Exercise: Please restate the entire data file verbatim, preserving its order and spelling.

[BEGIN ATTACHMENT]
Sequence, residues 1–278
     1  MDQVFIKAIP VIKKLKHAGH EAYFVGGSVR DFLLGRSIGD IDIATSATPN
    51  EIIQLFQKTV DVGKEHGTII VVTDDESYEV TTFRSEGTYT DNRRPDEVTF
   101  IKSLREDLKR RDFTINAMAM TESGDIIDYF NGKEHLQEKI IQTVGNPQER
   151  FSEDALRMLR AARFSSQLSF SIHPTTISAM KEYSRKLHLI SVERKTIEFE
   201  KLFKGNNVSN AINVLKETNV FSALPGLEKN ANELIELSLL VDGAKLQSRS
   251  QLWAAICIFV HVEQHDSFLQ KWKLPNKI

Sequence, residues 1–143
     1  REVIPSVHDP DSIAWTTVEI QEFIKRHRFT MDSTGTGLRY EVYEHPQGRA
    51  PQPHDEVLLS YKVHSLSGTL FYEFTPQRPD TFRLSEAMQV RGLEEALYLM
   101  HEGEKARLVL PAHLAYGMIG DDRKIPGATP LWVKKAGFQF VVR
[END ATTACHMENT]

Sequence, residues 1–278
     1  MDQVFIKAIP VIKKLKHAGH EAYFVGGSVR DFLLGRSIGD IDIATSATPN
    51  EIIQLFQKTV DVGKEHGTII VVTDDESYEV TTFRSEGTYT DNRRPDEVTF
   101  IKSLREDLKR RDFTINAMAM TESGDIIDYF NGKEHLQEKI IQTVGNPQER
   151  FSEDALRMLR AARFSSQLSF SIHPTTISAM KEYSRKLHLI SVERKTIEFE
   201  KLFKGNNVSN AINVLKETNV FSALPGLEKN ANELIELSLL VDGAKLQSRS
   251  QLWAAICIFV HVEQHDSFLQ KWKLPNKI

Sequence, residues 1–143
     1  REVIPSVHDP DSIAWTTVEI QEFIKRHRFT MDSTGTGLRY EVYEHPQGRA
    51  PQPHDEVLLS YKVHSLSGTL FYEFTPQRPD TFRLSEAMQV RGLEEALYLM
   101  HEGEKARLVL PAHLAYGMIG DDRKIPGATP LWVKKAGFQF VVR